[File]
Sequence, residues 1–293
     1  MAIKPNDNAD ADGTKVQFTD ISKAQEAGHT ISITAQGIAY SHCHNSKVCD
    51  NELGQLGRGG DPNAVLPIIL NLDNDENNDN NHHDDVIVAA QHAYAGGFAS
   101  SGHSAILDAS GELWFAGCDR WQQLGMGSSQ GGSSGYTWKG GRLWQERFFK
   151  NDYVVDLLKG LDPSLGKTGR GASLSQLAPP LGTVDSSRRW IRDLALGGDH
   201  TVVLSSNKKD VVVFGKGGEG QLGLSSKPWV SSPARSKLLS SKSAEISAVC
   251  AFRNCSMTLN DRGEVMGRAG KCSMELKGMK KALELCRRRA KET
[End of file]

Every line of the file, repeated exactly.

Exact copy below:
Sequence, residues 1–293
     1  MAIKPNDNAD ADGTKVQFTD ISKAQEAGHT ISITAQGIAY SHCHNSKVCD
    51  NELGQLGRGG DPNAVLPIIL NLDNDENNDN NHHDDVIVAA QHAYAGGFAS
   101  SGHSAILDAS GELWFAGCDR WQQLGMGSSQ GGSSGYTWKG GRLWQERFFK
   151  NDYVVDLLKG LDPSLGKTGR GASLSQLAPP LGTVDSSRRW IRDLALGGDH
   201  TVVLSSNKKD VVVFGKGGEG QLGLSSKPWV SSPARSKLLS SKSAEISAVC
   251  AFRNCSMTLN DRGEVMGRAG KCSMELKGMK KALELCRRRA KET